Crocodiles... but not the Lacoste fellow. The design on the toe is beautifully embroidered. These usually stay under the office desk, but I grabbed them at the last moment as the taxi arrived, and it was the best decision I made during the trip. As I drove through the desert later that day, and early the next morning, uncharacteristically rainy days provided impressive rainbows over the rocks and cactus.
In all of it, a pair of slippers seemed to be one of the few comforts, and a long flight home this Friday will have the same. Maybe the guy in the seat next to me will take the hint that headphones and my nose in a book indicate that I don't feel chatty after the one hour mark.
Slippers are fantastic little inventions, but they are delicate both structurally and socially, with wildly varying opinions and (if you read other blogs) odd fetishy-passion. Yes, I was the guy in the suit wearing slippers on his flight across the country, but I was not the guy in the track suit and neck-pillow yelling at the gate agent.
Monday, December 12, 2011
Thursday, December 8, 2011
A last stroll through the streets after closing up my temporary office. Papers shredded and coffee pot scrubbed clean... a small hillock of sand on the balcony from daily shoe emptying.
I was the fool in the lime green cotton pants and sockless ankles at the baggage claim at Logan Airport, collecting my USDA-inspected-and-stamped luggage. A fast cab ride home and a quick change for an afternoon Christmas party.
The old dames in the grand old house were charming, but let me know with Yankee code words that they had designs on the large ham in the middle of the table in the dining room, and a flicker of the eye made it clear that I was not to stand between them and the carving platter or mustard dish. How are your grandchildren? "My family is fine, thank you. Yes, I saw your husband earlier upstairs at the study bar. No, I'm not traveling for Christmas. Cal told me that Chessy had a stroke, I'm sorry to hear it. Chessy was the beagle? I'm still sorry to hear it. "
These are the people who throw parties at noon and wear stylish duds until the day they keel over. The white-haired men in the London bespoke suits that were made before I was born guzzle gin and Scotch, and spend the evening grazing at the candle-lit food table.
A dear old friend in a tweed three-piece spent half an hour decrying the insider trading in Congress and on Wall St. as we stood next to the swinging door to the upstairs wet-pantry where a few caterers were sub-stationed. Just as he said "insider trading" for the 80th time, a young catering server quickly flanked him and whispered "the oysters will be coming up the back stairs in about four minutes." "Ah... thank you, Courtney" he said and suggested we position ourselves closer to the door from where the platter would likely emerge. Insider trading indeed.
Pre-dawn breakfast at the only place to get eggs before 6AM on the Boston waterfront.
LL Bean wool sweater in bright red and those warm but crappily made wool socks from Polo. Back to the reality of winter and hopefully a better shot at the carved ham at tomorrow night's party. I love this season.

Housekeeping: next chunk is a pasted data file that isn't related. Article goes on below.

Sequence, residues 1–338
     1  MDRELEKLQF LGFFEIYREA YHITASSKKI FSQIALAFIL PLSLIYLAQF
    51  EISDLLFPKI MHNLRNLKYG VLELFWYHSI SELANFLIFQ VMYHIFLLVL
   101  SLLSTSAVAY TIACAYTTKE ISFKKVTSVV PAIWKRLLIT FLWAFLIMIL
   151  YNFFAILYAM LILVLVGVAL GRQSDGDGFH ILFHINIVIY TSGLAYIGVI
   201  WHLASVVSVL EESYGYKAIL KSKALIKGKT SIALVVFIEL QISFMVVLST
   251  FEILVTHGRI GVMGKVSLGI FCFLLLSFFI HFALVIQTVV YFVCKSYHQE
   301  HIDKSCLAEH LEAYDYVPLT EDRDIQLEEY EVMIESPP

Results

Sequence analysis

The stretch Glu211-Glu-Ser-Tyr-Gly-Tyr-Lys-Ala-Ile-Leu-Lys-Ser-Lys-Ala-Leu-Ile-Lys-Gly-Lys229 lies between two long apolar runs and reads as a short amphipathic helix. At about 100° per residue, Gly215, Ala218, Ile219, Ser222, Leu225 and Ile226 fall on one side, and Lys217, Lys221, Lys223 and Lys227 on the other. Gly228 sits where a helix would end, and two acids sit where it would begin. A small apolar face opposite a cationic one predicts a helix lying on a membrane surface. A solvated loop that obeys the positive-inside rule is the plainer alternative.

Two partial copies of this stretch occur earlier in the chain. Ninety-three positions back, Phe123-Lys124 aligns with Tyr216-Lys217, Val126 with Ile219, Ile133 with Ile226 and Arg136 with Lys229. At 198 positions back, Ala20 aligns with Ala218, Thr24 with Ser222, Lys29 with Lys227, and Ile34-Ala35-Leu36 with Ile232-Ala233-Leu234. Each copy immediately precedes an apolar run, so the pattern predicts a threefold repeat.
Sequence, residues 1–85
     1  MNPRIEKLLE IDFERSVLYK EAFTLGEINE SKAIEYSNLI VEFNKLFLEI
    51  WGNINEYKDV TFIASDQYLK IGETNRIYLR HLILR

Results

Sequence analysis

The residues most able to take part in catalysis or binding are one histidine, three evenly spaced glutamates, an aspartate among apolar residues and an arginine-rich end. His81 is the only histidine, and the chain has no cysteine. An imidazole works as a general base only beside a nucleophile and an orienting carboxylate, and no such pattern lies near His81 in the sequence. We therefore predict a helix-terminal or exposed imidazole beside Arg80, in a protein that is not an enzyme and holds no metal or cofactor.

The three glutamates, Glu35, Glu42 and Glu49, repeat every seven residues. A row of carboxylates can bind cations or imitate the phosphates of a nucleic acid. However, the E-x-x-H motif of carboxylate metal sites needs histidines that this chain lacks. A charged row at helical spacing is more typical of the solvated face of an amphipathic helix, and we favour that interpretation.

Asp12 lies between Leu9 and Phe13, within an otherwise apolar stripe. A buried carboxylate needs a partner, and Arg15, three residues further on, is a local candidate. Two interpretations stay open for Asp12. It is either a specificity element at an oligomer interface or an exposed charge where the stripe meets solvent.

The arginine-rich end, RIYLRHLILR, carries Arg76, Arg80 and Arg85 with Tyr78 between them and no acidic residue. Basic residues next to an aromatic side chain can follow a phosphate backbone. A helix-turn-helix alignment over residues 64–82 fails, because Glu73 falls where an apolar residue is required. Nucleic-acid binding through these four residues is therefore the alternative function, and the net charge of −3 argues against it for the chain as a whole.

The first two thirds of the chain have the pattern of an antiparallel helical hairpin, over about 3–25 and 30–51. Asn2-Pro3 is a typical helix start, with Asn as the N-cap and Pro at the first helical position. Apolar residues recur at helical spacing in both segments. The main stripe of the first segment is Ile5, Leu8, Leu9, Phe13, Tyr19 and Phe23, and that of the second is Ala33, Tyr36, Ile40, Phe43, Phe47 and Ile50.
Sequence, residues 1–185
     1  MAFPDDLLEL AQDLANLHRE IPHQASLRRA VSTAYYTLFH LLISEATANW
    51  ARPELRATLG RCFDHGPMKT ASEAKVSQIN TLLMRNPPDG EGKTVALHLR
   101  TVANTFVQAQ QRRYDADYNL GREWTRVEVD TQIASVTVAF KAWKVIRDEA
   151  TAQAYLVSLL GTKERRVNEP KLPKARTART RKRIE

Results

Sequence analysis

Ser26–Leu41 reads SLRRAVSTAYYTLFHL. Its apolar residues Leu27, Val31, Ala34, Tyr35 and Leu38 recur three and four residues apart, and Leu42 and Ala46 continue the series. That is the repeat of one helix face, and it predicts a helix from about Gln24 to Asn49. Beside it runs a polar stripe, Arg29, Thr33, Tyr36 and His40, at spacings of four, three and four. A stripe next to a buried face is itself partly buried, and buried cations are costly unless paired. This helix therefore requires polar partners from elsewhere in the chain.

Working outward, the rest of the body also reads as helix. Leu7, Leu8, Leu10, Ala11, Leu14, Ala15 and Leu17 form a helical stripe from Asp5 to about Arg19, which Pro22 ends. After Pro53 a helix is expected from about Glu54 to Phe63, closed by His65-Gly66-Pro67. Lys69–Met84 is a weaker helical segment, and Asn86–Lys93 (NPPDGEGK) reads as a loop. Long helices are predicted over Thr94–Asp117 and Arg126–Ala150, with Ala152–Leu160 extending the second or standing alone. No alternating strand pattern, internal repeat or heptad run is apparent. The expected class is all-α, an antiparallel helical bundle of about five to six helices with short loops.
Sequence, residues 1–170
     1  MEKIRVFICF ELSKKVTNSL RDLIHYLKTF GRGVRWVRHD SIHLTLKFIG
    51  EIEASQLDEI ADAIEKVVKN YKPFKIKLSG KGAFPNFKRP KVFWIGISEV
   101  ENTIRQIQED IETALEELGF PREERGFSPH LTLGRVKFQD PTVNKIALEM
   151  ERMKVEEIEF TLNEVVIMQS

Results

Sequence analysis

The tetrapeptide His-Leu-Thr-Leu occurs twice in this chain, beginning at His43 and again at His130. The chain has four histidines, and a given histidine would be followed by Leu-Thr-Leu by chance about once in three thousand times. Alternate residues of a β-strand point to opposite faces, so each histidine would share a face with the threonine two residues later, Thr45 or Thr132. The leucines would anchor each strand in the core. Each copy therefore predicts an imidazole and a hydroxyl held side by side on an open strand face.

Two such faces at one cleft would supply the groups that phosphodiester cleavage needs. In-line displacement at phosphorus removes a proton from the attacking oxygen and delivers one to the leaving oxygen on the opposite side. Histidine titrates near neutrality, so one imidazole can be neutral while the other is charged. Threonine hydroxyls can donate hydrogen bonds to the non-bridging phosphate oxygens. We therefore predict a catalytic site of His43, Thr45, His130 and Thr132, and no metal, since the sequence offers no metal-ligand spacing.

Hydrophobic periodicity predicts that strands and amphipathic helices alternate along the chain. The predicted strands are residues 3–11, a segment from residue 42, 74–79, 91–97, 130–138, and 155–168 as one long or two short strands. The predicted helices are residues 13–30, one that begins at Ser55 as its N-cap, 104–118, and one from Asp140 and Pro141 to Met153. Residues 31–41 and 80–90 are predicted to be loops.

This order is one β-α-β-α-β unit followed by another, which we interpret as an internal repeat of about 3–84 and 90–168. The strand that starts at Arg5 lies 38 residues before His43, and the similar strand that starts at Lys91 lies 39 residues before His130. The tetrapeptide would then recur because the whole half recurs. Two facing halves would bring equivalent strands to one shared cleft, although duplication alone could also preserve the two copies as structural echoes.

Sunday, December 4, 2011
...and other styles about which I will no doubt be corrected.
After wrapping up business and the last portions (fragments for me) of the recharging effects of the tropics, the flight home to New England will be met with mixed emotions. In a recent post's comment section, a certain southern gentleman made mention of a hat pictured in one of the photos. I needed little excuse at all to return to the hat shop to procure one.
The preference was stated, and the supply was bountiful.
I picked out the one that matched the order.
His band selection was a good choice: solid black.
It was tightened and measured.
Fitted and pinned.
Boxed and Shipped. It will reach the Continental US before I will. I hope it fits.
A day later...
Seems that it does. No gamble for ADG.
Then, at the last minute, I couldn't resist getting one for myself, with a band to match Jr.'s.
In the background, the first hat is ready, while mine is being measured for its band.
Mine in the foreground, Jr.'s smaller one behind.
$60 seemed reasonable, especially because I had spent $0 the preceding weeks, and it was the least expensive one there in my size. Luckily, my taste for small brims was rewarded, because the brim diameter is directly correlated to price: smaller brim, cheaper hat.
Then, I got a tour of the other hats...
This one costs $6000... unfathomable to a Yankee.
I was then shown the $1000 hats. Still, way beyond my tolerance, but beautiful at close examination. I held my $60 hat next to it (mine is on the right) and you can see the difference in weave. My hostess then held it a foot above my hands and dropped it to me. It floated down like a silk scarf or a plastic shopping bag. It was as light as a feather... and a surreal moment.
A closer shot:
"It takes over six months to make." Judging by the impressively delicate hand weave, I'd say that is a generous production estimate. Again, $1000 on the left and $60 on the right.